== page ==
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October 19, 2016

By: Teresa Bertoncin, LPCC, LMFT, Primary Therapist

Pacific Quest is excited to announce that a cohort of 13 of its clinical staff recently attended EMDR training with Dr. Roger Solomon, a Senior Faculty Member of the EMDR (Eye Movement Desensitization and Reprocessing) Institute, as they work to join PQ therapists already certified in the practice of EMDR.

Trauma is the body and mind’s response to unprocessed disturbing life events. Unresolved trauma is at the core of many psychological disorders—some more obvious than others, for example Post Traumatic Stress Disorder (PTSD). Yet, trauma is often also at the root of many anxieties, phobias, panic attacks, eating disorders, pain, hyper-vigilance, interrupted sleep, self esteem issues and addictions—many of the symptoms we see here at PQ. Trauma symptoms are often difficult to resolve, particularly with adolescents or young adults, because it may not be obvious that the experienced symptoms are related to trauma.

EMDR training recently offered to clinical staff at Pacific Quest

Teresa Bertoncin, LPCC, LMFT

Eye Movement Desensitization and Reprocessing (EMDR) is a well-established approach to psychotherapy and is an evidence-based treatment proven to be effective in trauma resolution. EMDR therapy is very effective at calming and healing in a short span of time. By focusing on a thought associated with traumatic memories it is very specific and direct. It evokes and integrates information on three levels—cognitive, emotional and somatic—very often targeting a negative cognition or a negative self-belief; I’m unlovable, I’m ugly, I’m unsafe, etc. By tracking physical sensations and feelings in the body, and using eye movements and bilateral stimulations, the negative beliefs become dislodged, replaced with positive beliefs about oneself, while using this positive experience to support a future template of adaptive wholeness.

EMDR has proven to be particularly effective, when working with students in a contained and structured outdoor setting that PQ provides. So often it is not trauma per se, but the student’s unrelenting incongruent beliefs or negative cognitions they have about themselves, that drove the behaviors that led them to PQ. In the safe, tranquil and natural environment at PQ with limited distractions, we have the opportunity to get to the root of trauma more organically than in an outpatient setting. By using the detailed EMDR protocols and procedures therapists help clients activate their natural healing processes fairly rapidly.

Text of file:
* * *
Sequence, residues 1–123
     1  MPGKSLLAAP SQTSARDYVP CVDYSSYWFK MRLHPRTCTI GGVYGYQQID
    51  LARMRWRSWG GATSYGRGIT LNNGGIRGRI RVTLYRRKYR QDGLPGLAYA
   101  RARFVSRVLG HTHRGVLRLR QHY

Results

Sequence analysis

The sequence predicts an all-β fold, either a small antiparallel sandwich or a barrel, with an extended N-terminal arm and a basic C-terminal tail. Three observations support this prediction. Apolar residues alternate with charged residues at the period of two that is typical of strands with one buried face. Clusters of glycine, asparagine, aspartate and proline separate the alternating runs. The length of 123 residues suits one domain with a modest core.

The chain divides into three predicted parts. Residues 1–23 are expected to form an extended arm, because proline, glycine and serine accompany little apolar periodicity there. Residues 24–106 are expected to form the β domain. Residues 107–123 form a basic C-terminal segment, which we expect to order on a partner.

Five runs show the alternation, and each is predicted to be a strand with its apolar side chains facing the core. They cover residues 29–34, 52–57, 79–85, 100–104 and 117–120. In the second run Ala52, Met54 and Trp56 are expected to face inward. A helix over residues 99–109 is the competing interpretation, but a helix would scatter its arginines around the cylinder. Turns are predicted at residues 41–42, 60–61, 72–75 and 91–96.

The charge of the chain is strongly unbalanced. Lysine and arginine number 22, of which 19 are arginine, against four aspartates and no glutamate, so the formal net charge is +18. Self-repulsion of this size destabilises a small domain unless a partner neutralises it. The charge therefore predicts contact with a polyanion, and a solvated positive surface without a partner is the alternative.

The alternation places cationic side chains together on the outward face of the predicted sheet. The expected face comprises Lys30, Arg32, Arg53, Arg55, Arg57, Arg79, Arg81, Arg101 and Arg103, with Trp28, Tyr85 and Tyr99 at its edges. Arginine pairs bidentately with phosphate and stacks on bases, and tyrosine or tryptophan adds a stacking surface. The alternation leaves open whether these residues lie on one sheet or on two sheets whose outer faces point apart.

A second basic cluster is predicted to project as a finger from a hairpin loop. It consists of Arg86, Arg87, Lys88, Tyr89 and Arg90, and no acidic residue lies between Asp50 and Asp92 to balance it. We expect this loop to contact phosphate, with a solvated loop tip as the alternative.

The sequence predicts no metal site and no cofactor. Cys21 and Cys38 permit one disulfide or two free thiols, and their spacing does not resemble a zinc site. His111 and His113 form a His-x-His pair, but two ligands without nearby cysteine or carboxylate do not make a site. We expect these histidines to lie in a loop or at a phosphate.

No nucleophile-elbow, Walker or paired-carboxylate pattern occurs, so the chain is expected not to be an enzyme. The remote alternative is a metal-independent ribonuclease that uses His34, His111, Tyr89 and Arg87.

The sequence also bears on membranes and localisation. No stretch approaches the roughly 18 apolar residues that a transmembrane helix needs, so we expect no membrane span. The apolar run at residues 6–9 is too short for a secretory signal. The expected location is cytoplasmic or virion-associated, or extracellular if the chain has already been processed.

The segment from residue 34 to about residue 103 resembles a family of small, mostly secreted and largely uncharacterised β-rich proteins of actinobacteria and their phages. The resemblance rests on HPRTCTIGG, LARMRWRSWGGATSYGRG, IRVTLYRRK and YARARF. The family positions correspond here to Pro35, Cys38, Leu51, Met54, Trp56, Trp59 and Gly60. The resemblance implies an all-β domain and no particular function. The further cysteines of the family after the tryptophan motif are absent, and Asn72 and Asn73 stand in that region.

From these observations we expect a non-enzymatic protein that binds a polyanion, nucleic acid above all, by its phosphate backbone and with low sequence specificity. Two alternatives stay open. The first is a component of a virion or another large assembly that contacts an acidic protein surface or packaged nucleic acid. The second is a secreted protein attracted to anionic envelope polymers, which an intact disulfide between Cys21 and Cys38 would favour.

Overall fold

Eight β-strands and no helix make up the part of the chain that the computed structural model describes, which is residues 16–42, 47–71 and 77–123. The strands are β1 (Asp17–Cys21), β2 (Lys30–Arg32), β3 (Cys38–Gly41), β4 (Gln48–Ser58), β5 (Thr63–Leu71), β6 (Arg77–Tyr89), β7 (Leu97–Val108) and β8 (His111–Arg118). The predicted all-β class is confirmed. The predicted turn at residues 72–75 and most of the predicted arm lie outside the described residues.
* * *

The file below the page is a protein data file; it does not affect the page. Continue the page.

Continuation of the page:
As much as the body is capable of recovering from physical trauma, EMDR therapy shows that the mind can heal from psychological trauma. Let’s say you’re walking on a lava field and fall and cut your knee. It might be immediately painful, but the body works naturally to close the wound. If however, there are some lava fragments that had not been cleaned out properly, or you keep bonking your knee up against something, the wound will fester and cause ongoing pain. Yet healing resumes once the block is eliminated. We get stuck in trauma when the brain’s information processing system is blocked by the impact of a distressing event, intense suffering ensues, but once the block is removed the brain, like the body, moves naturally towards mental health. The brain is equipped to manage and handle adversity, and EMDR therapy helps the psyche activate its natural healing process.